Whether the spread of coronavirus can be perceived as a reason of force majeure, preventing or postponing fulfilment of contractual obligations, is interpreted according to specific – each time – circumstances.
Regarding the ability to recognize existence of force majeure, no dispute thereupon, since it has already been clarified that the concept itself presupposes that, the event at dispute or its failure to take place, should be due to “circumstances which are foreign to the person who invokes it, unusual and unforeseen, the consequences of which could not have been avoided despite the diligence shown’.
Furthermore, in case in which an event constitutes force majeure, effects of the latter may last only during a certain period, i.e. during the time which is essentially necessary for someone, who, of course, demonstrates customary diligence to put an end to a crisis independent of his/ her will.
The main feature in “force majeure” is that a person, in the usual course of things, cannot foresee such an event, contrary to the random concept that can predicted. Indicative cases of force majeure are war, coup, unpredictable government bans, sudden severe illness (in some cases), or “extreme weather phenomena”.
The contractual definition of a force majeure event includes a list of events not expected at the date of the contract, are beyond the control of the contracting party, are not the result of direct or indirect error, misdemeanor or negligence of the party citing force majeure, and those circumstances prevent or delay the affected party from fulfilling its contractual obligations.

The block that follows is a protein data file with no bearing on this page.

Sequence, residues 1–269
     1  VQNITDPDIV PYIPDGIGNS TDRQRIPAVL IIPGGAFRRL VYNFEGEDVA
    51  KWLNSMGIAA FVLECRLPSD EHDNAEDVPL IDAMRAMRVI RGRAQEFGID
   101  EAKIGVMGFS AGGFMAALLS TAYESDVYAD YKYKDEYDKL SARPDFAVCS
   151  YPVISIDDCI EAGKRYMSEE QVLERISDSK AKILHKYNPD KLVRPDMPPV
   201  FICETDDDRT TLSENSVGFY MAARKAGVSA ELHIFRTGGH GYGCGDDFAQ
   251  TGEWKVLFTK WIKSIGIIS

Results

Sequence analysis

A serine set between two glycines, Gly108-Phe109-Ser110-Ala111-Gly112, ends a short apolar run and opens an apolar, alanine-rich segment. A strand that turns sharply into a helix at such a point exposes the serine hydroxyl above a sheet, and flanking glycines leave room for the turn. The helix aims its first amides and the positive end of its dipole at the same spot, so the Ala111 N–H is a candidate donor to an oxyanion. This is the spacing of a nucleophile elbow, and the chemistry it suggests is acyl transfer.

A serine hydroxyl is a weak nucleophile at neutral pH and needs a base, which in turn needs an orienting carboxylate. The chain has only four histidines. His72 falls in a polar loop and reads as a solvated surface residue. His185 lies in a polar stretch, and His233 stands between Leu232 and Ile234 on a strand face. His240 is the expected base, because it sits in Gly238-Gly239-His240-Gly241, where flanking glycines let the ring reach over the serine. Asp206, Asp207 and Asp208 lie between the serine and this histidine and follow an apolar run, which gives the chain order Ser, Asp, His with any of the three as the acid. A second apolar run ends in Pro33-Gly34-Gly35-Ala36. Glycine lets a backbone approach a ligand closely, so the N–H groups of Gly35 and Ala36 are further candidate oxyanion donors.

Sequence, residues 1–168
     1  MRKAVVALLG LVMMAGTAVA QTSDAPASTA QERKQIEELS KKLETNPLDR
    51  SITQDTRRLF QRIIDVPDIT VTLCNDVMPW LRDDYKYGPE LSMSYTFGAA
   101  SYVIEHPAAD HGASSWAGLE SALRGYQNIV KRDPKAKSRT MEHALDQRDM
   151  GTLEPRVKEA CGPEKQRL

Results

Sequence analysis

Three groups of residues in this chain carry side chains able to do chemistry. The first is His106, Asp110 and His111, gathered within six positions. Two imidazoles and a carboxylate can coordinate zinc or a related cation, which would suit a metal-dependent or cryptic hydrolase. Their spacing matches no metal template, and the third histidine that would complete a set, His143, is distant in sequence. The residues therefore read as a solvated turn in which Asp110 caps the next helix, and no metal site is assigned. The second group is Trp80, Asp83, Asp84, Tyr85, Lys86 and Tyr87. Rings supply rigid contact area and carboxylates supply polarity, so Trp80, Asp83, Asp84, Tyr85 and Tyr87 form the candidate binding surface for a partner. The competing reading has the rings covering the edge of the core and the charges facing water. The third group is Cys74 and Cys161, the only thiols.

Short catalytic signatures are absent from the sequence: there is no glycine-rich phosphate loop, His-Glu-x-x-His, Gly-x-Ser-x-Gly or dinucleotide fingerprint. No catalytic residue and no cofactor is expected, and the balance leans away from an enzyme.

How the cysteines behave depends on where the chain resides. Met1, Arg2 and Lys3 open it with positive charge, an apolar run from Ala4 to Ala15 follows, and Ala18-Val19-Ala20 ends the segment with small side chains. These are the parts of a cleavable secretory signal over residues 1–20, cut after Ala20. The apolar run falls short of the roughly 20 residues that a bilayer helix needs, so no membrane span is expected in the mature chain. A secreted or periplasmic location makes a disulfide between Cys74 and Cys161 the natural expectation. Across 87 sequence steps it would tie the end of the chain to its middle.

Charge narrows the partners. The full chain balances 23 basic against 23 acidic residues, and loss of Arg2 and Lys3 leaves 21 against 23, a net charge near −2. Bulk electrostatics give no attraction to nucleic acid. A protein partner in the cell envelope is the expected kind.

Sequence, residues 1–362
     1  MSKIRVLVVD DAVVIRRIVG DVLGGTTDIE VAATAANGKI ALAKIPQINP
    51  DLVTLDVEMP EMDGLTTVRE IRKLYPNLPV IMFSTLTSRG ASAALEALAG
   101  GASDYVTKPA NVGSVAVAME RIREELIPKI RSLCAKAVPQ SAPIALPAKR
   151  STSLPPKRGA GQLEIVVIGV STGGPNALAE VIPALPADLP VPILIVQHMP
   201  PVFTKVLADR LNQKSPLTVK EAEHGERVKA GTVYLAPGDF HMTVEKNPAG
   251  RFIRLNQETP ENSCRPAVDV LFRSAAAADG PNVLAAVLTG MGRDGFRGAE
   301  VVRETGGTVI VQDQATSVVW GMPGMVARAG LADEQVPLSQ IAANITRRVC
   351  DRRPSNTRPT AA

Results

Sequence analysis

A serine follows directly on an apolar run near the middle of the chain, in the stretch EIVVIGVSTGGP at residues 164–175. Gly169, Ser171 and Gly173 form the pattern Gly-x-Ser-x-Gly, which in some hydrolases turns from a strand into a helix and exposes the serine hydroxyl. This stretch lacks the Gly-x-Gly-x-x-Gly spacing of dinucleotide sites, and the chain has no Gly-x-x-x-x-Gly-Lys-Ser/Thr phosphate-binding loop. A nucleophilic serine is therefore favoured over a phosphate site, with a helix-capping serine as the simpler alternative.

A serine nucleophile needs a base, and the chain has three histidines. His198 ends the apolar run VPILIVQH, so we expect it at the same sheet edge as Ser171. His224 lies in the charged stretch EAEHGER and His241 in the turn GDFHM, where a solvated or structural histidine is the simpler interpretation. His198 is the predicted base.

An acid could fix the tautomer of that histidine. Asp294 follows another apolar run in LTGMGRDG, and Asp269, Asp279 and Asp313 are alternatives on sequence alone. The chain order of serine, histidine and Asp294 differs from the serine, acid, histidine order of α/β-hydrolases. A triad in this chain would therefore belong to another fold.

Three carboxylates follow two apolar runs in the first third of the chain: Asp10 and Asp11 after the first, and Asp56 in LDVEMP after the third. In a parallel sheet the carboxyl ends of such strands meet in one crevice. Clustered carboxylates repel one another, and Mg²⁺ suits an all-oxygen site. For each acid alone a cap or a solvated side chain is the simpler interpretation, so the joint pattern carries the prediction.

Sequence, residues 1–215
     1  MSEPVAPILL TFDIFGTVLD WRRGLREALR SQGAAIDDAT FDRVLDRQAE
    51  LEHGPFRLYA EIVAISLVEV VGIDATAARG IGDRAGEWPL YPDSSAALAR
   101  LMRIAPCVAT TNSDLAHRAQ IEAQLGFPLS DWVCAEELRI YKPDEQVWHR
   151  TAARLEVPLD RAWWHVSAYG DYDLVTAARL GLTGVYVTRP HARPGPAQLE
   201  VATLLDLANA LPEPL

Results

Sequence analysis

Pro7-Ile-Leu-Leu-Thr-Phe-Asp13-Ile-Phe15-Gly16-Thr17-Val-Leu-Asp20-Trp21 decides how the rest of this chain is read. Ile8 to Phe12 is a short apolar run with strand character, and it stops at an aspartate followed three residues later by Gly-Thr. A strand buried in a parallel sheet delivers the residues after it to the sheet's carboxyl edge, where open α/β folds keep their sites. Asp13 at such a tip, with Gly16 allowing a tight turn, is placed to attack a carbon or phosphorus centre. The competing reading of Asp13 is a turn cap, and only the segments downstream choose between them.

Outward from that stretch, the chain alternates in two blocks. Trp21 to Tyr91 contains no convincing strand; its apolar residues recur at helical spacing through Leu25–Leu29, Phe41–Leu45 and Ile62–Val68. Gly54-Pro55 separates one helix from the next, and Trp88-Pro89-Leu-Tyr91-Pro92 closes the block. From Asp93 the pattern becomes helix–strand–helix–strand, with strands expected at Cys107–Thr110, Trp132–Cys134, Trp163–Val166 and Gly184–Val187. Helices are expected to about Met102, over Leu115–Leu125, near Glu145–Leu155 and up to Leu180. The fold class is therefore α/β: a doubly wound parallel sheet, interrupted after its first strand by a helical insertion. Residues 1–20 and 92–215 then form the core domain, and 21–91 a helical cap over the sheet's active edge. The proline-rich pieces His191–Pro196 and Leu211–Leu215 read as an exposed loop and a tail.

Very often, but not always, in the related clauses, we find the “epidemics” or the “pandemics” as facts of force majeure. However in many contracts the epidemic is not predicted as a reason of force majeure. The wording of the clause in question is of importance in order to cover the case of the coronavirus. Therefore, if, despite the absence of “epidemic” or “pandemic” as reason of force majeure, there is a provision of reason of force majeure to be a fact existing beyond the contracting party’s control, then this particular case can be covered.
In this respect, the spread of the coronavirus results in state/government actions as well as decisions by private companies consisting of prohibitions and restrictions. The consequences of such measures affect either directly or indirectly application of trade agreements.
Therefore, more than necessary is the provision of a force majeure clause on the grounds of coronavirus, since its spread is in full evolution and its consequences are currently not to be foreseen both in terms of time and impact.